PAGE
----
Tourism businesses happy with weekend traffic, await alert level 1
Some businesses in tourism hot spots have had to turn away much-needed customers over the long weekend, to maintain social distancing requirements.
They are crying out for a swift move to alert level 1 so they can make the most of any more demand.
It comes after the busiest weekend in two months for Rotorua operators and a chance to literally get the ball rolling again for Zorb co-owner Melissa Craig.
She said customer numbers were about the same as last weekend, with a surge in intrepid New Zealanders making up for the shortfall of international visitors - and bringing the buzz back to bars and restaurants in the city.
But she said each Zorb needed to be disinfected after use, which made the turnaround between bookings "a little bit slower".
In Queenstown, the number of people Emma Chisholm could take on family-owned Alpine Wine Tours has almost halved due to social distancing in the company's vans.
She was keen for government input.
"I think the sooner we can get to level 1, it will just make it so much better for everyone. We can go back to normal without the distancing in the rows of the van," Chisholm said.
Booking website BookMe chief executive James Alder said alert level 2 requirements were also putting the squeeze on profit margins.
He said tourist operators would be able to offer better deals to customers when they no longer had to enforce strict social distancing.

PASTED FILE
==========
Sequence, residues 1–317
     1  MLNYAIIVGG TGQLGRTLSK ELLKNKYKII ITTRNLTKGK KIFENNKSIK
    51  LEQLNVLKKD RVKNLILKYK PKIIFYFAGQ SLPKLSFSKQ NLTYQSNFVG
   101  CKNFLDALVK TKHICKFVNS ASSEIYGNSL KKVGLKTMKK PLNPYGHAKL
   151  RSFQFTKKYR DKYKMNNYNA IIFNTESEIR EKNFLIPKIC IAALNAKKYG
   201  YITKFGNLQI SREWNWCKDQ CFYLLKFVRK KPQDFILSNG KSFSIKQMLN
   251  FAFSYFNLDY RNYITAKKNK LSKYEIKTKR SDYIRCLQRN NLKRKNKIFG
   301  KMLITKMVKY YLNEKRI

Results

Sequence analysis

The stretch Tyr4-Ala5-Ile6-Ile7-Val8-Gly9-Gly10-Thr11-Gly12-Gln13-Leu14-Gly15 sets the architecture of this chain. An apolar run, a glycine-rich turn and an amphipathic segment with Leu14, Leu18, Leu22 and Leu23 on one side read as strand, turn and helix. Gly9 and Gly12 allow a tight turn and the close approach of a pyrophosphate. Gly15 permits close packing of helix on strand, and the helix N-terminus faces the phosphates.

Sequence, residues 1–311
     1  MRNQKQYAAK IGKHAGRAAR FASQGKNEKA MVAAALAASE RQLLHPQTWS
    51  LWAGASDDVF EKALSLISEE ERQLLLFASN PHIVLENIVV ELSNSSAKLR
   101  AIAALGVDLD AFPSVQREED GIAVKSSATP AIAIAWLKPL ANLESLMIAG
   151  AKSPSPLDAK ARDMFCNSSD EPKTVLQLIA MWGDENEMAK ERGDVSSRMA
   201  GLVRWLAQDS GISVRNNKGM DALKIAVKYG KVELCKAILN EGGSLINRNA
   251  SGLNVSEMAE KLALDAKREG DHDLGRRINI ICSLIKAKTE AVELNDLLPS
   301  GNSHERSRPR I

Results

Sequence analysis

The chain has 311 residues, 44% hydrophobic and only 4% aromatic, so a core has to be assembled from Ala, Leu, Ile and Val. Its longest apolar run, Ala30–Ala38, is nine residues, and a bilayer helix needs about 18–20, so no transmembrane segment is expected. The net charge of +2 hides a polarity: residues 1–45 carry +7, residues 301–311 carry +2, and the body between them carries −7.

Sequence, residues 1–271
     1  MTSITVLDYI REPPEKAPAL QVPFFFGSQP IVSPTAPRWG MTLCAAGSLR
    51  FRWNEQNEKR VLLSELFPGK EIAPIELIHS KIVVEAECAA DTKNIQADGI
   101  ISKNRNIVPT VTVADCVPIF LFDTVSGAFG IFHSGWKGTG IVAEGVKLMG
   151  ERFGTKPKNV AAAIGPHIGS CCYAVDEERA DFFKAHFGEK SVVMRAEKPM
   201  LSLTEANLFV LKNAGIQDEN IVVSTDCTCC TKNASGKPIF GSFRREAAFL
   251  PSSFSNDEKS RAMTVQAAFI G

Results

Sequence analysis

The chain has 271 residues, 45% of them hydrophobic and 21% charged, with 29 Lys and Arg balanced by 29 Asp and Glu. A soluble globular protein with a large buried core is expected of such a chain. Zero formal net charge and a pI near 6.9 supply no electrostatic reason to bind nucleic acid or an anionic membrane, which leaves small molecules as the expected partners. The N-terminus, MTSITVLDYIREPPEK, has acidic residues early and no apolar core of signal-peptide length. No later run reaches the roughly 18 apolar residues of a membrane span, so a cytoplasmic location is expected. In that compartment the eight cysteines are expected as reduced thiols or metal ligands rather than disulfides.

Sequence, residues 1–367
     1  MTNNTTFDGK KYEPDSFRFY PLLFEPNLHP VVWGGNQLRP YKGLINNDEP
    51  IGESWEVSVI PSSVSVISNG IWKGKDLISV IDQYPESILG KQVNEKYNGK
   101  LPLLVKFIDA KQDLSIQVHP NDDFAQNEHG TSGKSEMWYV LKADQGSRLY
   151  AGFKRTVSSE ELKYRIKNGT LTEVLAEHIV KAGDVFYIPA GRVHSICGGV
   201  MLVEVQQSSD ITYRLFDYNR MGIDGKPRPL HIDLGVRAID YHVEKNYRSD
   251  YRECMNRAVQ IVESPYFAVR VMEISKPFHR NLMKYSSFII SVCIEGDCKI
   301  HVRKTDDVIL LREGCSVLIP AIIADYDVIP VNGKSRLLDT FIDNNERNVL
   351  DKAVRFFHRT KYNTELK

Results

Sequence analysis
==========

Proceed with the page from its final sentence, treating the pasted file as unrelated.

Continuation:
"As we go to level 1 there will be more seats and more capacity and as more operators come on there will be more competition. So I expect we will see some really, really good details this winter," he said.
A domestic tourism pattern of weekend splurging, followed by quieter weekdays, is adding to the pressure on operators.
Hobbiton opened its doors for the first time this weekend since mid-March and had 400 to 500 people visiting each day.
Marketing manager Shayne Forrest said that was a significant drop from the 1000 to 1500 they would expect this time of year.
"But that was always going to happen with the closure of the borders and we were just thrilled to have so many Kiwis out there and exploring Middle Earth with us," he told Morning Report.
It would open opening seven days a week but expecting mainly weekend customers.
Queenstown hotelier Nik Kiddle said many New Zealanders turned up for the weekend, though they probably spend less as hotels had offered special deals."I think you could have heard a collective sigh of relief from this district as we witnessed a lot of New Zealanders came to check us out over the long weekend"- Queenstown hotelier Nik Kiddle duration 2′ :11″ from Morning Report Add to playlistPlaylist Download
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Hospitality New Zealand chief executive Julie White said businesses were now facing a five-week wait until their next busy patch in the school holidays and hoping for any help they can get to tide them over.
"It was a bit frustrating for both hospitality owners and also for the customers."
Some businesses have told Retail NZ general manager Greg Harford they can't afford for spending to fall too flat again after the long weekend.
"Those businesses that were on the edge as the result of effectively not trading for two months will still very much be on the edge. A single weekend's trading is not going to be enough to make up for the losses that have been incurred," he said.
Harford said a move to alert level 1 would be a strong signal from the government, to tell people it's okay to get out shopping.
Paymark expects to release long weekend spending statistics later this week.